Drying at normal room temperature and humidity requires about _____. Elevated temperatures speed drying and consequently attainment of maximum strength. However, above about 60 ̊C, water of crystallization (the two water molecules in Ca2SO4•2H2O) may be driven off along with excess water, reconverting part of dihydrate to hemihydrate, and weakening the cast.

1 week


If not enough water is present, i.e. volume fraction of excess water is below 0, then _______ are introduced while mixing, decreasing the relative strength. If too much water is introduced, _____ due to liquid-filled pores decrease the relative strength.

-air bubbles


At the theoretical stoichiometric point, the relative strength should be theoretically the maximum. However, because of the difficulty in mixing at this ratio, the actual maximum is reached substantially _____ the theoretical maximum strength and also slightly above the 0 excess volume fraction. Note that increase in compressive strength corresponds to the increase in hardness of the material.



Theoretically, the hemihydrate should contract about 7% volumetrically and 2% linearly during setting, but in reality, there is actually a slight linear expansion of _____. This is because dihydrate crystals grow on the nuclei of crystallization in the form of radiating long needle-like crystals called spherulites



After a period of growth, the crystals growing from adjacent nuclei impinge on one another, thrusting the particles apart and causing the setting expansion. Since there really is both a volumetric contraction caused by the chemistry of the reaction and an expansion caused by the thrusting of the crystals, porosity is induced in the set material. Typically, ____ of the expansion occurs in the first hour of setting.



Setting expansion may be controlled by changing the interaction of the growing crystallites. It can be: ______ by moving the nuclei further apart – increasing the water/powder ratio of the mix.



Setting expansion may be controlled by changing the interaction of the growing crystallites. It can be: ______ by changing the habit of the growing crystals to a fatter, more readily compacted form – e.g.,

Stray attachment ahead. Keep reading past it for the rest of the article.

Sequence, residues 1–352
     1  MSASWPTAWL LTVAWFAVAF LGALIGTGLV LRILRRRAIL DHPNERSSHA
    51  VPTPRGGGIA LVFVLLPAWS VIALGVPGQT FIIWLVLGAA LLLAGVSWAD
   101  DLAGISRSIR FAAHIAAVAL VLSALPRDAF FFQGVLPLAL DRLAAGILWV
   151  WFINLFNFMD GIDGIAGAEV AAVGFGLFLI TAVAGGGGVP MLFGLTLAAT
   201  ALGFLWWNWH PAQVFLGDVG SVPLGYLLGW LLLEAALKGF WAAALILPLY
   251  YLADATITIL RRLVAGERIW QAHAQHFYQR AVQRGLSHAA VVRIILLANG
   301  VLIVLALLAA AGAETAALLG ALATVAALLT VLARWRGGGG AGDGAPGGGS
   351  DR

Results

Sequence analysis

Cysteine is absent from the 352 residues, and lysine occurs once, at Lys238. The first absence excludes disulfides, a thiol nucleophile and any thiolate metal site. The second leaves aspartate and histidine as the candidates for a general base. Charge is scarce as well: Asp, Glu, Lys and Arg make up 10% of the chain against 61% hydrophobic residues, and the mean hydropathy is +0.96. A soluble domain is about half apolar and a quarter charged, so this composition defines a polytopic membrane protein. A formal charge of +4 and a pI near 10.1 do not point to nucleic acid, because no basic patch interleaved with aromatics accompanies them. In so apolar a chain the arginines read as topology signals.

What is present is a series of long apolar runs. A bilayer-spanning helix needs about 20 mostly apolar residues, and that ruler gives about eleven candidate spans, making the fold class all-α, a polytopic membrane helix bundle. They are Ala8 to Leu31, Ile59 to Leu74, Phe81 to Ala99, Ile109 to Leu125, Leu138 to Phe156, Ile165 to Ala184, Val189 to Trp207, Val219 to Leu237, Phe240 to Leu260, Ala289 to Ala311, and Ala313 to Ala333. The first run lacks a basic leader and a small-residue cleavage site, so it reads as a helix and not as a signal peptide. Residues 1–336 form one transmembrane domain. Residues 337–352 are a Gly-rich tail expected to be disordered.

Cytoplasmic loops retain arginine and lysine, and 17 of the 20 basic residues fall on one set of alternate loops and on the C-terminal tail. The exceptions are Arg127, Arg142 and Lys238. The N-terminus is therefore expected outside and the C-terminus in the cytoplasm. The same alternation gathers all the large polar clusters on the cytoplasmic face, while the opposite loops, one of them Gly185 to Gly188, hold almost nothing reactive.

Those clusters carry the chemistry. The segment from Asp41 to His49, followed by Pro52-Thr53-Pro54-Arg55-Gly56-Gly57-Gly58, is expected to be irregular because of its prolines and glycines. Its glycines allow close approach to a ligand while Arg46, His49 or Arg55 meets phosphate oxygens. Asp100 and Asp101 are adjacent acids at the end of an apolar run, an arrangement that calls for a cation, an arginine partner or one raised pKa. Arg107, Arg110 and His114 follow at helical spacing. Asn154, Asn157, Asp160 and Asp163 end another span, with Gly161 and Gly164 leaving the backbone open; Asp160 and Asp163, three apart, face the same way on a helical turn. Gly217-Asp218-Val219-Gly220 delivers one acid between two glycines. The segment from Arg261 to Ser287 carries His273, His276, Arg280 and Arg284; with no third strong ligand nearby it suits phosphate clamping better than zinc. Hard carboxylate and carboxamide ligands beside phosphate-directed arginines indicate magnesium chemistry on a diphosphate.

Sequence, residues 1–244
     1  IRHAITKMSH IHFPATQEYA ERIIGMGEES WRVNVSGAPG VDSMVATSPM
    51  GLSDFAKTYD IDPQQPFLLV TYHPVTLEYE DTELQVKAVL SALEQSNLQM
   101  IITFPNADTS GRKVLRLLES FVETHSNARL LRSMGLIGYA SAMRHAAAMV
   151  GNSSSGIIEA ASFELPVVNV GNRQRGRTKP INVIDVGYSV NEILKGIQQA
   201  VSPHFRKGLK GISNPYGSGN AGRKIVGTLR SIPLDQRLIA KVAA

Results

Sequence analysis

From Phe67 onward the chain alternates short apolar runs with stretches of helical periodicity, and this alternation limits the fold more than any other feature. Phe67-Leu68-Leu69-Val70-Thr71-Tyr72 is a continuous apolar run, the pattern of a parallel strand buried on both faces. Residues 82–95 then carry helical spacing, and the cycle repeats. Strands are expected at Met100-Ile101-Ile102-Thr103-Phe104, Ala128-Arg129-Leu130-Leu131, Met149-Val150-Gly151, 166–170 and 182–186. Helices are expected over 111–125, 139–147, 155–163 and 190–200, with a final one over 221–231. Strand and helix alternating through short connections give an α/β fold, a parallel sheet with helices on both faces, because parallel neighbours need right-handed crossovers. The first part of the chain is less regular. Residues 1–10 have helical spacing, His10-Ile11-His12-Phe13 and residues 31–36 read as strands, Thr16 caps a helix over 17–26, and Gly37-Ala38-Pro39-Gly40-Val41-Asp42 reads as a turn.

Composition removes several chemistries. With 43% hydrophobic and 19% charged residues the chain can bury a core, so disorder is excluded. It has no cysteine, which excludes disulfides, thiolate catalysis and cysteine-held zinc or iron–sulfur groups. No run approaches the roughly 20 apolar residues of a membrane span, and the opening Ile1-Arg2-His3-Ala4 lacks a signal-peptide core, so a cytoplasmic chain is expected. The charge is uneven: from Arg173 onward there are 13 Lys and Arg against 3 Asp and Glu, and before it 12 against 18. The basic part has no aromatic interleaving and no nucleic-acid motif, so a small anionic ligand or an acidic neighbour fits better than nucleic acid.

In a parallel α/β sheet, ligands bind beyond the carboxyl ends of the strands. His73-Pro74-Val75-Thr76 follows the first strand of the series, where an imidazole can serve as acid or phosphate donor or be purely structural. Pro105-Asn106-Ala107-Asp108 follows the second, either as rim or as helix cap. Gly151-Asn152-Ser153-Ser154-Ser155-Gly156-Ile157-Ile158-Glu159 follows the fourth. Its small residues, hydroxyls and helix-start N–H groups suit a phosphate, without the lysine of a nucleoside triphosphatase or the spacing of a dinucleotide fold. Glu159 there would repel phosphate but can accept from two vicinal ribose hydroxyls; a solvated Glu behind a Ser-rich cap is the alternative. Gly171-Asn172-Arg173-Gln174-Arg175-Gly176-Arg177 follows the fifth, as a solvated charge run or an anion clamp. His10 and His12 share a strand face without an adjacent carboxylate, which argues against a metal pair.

the manufacturer can include additives such as K2SO4.



Setting expansion may be controlled by changing the interaction of the growing crystallites. It can be: _______ by causing fewer crystals to grow by taking on a more needle-like, hence longer, shape – e.g.,
the manufacturer can include additives such as calcium acetate.



Setting expansion may be controlled by changing the interaction of the growing crystallites. It can be: ______ by water immersion to obtain "hygroscopic expansion." As the mixing water is used up, the continuous water phase is replaced by a surface film that coats each particle. Surface tension of this film tends to retard the growth of the crystallites. When water is added to the setting mass (powder + correct volume of H2O for mixing), the surface tension is relieved and additional crystal growth occurs. This additional expansion is called hygroscopic expansion. This effect is used in metal casting.



Setting expansion may be controlled by changing the interaction of the growing crystallites. It can be: ______ by increasing spatulation due to the creation of more nucleation sites.



In the absence of additives that the manufacturer adds, ______ would be the main determinate of setting expansion.

water to powder ratio


To retain surface detail, casts must not be subjected to operations that will abrade or dissolve the surface. _____ of wax patterns on dies is almost an unavoidable source of abrasion. Attempts to increase abrasion resistance by soaking in glycerin and oils have resulted in some improvement.



• Because the hemihydrate is more soluble than the dihydrate, model trimming (using water lubricated trimming wheel) must be done on completely set casts.
• To prevent loss of surface detail and dimension on dies and models, they must be moistened only with slurry water, i.e. a saturated solution of calcium sulfate dihydrate.

Precautions of solubility considerations